Childhood -Size of penis and testicular volume is smaller Accelerated growth from early childhood -> taller than controls ( mainly due to abnormally long legs ) Adnominal obesity Learning difficulties Delayed development milestones for e.g in speech and movement Low muscle tone and resulting co-morbidities as chronic constipation , sleep apnoea , abnormal posturing Language and learning problems for e.g difficulty with reading / spelling Impairment on verbal and non verbal memory and in executive function Aggressiveness and non-compliance
Puberty-Abscence of testicular volume ( < 4 ml ) – testicles become rigid due to hyalanization and fibrosis ( testicles not getting bigger despite development of 2ary sexual charecters ) Gynaecomastia ( due to androgen aromatization ) Taller than peers ( long limbs -low upper / lower segment ratio ie the lower extremity is disproportionately longer , in comparison to the upper extremity )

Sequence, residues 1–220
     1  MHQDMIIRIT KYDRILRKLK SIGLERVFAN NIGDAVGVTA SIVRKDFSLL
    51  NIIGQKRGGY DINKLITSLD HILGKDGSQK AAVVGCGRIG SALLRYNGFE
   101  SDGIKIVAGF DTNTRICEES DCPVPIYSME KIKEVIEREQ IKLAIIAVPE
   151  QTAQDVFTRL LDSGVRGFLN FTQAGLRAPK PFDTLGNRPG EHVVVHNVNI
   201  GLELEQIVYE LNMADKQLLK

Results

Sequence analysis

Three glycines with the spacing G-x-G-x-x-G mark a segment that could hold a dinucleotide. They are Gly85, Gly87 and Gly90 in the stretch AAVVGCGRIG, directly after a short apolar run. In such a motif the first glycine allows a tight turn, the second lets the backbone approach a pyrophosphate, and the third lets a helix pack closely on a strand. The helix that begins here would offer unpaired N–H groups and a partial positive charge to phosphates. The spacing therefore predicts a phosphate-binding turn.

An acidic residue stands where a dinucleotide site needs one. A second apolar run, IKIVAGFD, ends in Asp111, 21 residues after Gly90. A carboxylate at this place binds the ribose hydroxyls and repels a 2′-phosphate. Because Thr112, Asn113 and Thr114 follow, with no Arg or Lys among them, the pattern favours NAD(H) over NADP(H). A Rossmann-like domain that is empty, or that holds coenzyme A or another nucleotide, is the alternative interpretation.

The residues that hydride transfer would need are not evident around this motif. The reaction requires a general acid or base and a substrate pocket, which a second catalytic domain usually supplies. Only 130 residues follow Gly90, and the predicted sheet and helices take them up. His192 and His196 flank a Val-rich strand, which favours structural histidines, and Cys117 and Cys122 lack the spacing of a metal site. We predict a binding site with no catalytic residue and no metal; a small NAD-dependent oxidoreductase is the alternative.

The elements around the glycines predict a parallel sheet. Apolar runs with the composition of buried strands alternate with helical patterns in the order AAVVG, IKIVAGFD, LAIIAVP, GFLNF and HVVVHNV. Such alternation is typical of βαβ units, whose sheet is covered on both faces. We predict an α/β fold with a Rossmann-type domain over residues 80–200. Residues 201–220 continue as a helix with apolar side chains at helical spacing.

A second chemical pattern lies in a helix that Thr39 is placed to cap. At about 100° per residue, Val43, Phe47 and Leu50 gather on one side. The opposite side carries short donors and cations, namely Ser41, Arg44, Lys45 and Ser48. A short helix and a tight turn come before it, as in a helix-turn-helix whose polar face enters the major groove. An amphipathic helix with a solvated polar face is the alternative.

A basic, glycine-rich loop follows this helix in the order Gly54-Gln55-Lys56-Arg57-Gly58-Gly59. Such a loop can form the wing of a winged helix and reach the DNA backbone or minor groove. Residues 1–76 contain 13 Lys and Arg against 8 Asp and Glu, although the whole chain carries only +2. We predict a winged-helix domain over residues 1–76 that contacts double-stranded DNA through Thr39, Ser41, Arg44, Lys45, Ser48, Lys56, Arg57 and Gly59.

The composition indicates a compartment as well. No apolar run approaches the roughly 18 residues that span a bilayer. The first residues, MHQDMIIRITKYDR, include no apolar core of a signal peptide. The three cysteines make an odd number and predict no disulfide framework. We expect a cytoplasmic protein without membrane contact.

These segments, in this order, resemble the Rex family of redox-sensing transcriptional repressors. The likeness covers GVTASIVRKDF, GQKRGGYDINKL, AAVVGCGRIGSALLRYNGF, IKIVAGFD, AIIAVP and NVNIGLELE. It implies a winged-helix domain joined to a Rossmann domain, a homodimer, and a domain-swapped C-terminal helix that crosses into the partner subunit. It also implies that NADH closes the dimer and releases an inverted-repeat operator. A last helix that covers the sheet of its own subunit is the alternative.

Normal development of secondary sexual characters No abnormalities may be noted in axillary/ pubic hair development , increase in penis size , increase in muscle mass , beard moustache development and sound quality Patients with mosacism may not have any typical features Depression KS is often diagnosed when a boy fails to progress through puberty completely or inadequately or breast development starts
Adults -Often diagnosed during investigations for infertility / hypogonadism and or sexual dysfunction Hypergonadorophic hypogonadism Small testes H/O learning difficulty and behavioral issues Sexual function as erection and ejaculation are often normal Patients particularly with azoospermia should be reviwed after excluding other causes